Quality & Quantity 32: 109–117, 1998.
© 1998 Kluwer Academic Publishers. Printed in the Netherlands.
Levels of Aggregation: A Conceptual Model
A. BEN OUMLIL
& JOSEPH L. BALLOUN
Department of Management & Marketing, The University of Dayton, Dayton, Ohio 45469, U.S.A.;
School of Business and Entrepreneurship, Nova Southeastern University, 3100 SW 9th Avenue,
Forth Lauderdale, FL 33315-3025, U.S.A.
Abstract. Aggregate analysis has been established as a standard method on the study of market
response behavior for a long time. Aggregation has advanced our understanding of the linkages
among social characteristics and aggregate response behavior. However, aggregate analysis has been
hindered by fragmentary and unsystematic procedures to determine the most appropriate level of
aggregation. The general objective of this paper is to provide a conceptual framework to determine
the level of aggregation of variables in data analysis. In addition, statistical procedures are suggested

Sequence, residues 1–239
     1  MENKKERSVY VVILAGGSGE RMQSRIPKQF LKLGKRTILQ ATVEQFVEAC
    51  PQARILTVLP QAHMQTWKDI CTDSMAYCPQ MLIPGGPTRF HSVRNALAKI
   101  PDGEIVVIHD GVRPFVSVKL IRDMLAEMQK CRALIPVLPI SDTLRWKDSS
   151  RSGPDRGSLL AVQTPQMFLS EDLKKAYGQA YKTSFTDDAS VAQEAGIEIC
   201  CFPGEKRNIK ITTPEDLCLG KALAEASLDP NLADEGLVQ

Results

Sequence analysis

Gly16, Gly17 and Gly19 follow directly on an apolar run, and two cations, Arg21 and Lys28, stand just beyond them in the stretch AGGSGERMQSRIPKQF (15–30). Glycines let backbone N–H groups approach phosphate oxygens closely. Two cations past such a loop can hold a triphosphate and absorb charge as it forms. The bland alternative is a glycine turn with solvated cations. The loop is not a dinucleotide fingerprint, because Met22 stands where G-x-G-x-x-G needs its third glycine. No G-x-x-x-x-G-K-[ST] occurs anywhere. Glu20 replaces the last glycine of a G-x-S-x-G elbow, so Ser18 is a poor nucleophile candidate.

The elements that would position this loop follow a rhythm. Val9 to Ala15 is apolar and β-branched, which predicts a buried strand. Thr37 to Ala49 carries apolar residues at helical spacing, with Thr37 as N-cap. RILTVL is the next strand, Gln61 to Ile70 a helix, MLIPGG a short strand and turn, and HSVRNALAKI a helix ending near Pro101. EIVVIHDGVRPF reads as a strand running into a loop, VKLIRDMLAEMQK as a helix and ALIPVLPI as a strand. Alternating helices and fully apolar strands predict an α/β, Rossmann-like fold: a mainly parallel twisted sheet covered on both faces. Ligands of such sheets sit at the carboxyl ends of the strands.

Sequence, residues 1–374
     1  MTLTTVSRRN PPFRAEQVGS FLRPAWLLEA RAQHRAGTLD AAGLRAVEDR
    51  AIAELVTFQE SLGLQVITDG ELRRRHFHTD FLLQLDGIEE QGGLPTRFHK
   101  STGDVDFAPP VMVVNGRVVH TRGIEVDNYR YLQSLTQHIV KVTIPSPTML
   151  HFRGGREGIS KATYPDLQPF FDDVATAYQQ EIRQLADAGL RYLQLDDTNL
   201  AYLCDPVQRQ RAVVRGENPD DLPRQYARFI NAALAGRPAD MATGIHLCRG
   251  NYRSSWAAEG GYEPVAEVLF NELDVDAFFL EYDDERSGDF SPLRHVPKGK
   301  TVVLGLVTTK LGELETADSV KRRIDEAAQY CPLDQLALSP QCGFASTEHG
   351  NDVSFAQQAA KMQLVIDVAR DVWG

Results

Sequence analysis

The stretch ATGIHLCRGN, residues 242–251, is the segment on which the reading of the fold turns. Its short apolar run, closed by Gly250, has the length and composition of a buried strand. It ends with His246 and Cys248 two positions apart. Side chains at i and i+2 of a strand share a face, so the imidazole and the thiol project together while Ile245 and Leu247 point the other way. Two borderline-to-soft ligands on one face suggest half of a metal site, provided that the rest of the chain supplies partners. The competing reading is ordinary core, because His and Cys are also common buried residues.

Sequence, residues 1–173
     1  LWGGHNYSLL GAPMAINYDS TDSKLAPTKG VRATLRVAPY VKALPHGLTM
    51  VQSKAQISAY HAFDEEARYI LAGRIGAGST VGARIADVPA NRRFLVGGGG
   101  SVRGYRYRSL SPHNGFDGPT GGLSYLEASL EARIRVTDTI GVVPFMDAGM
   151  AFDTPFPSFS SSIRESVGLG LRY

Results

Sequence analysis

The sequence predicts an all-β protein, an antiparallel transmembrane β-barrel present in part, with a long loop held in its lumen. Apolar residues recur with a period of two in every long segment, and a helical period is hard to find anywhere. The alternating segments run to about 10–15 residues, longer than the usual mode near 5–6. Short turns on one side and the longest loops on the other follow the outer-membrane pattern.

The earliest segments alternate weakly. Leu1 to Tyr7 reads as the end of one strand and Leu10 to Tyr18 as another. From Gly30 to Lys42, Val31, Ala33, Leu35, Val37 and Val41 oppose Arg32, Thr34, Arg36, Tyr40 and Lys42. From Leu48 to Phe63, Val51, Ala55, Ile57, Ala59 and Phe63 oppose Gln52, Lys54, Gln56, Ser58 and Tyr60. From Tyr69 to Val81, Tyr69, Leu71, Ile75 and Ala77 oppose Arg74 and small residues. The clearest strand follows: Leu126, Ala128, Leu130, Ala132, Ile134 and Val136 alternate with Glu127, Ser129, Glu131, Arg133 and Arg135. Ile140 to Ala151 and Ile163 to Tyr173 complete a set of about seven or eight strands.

in this framework to verify and to determine the level of aggregation represented by a variable. The
conceptual framework is useful for deciding if the variables are to be analyzed from micro-analysis
focus or macro-analysis focus. The statistical procedures enable the researcher to systematically
identify and verify the level(s) of aggregation of variables in an existing data set.
Modeling market response behavior has been a signiﬁcant topic in the marketing
research ﬁeld. In modeling marketing response behavior the emphasis is placed
on either individual or aggregate behavior. For example, multidimensional scal-
ing techniques [MDS] are often used to determine key underlying dimensions of
consumer’s assessments of objects (e.g., product, service, ﬁrms). In dealing with
perceptions of stimuli on a proximity basis of measurement, the researcher can
either scale data on a subject-by-subject basis or strive to create fewer maps through
some aggregation procedure (Hair et al. 1987).
Individual Level Data
In modeling marketing response behavior at the individual level, one application is
to estimate individual utility function for a group of objects (e.g., products, occu-
pations). Various reserchers (e.g., Johnson, 1974; Wittink and Montgomery, 1979)
have demonstrated, throught the application of individual utility estimate functions,
that the individual models have good predictive power. In Johnson’s study (1974),
the median correlation between predicated and reported indiviual preferences was
0.80. Wittink and Montgomery (1979) have succeeded in predicting 63 percent of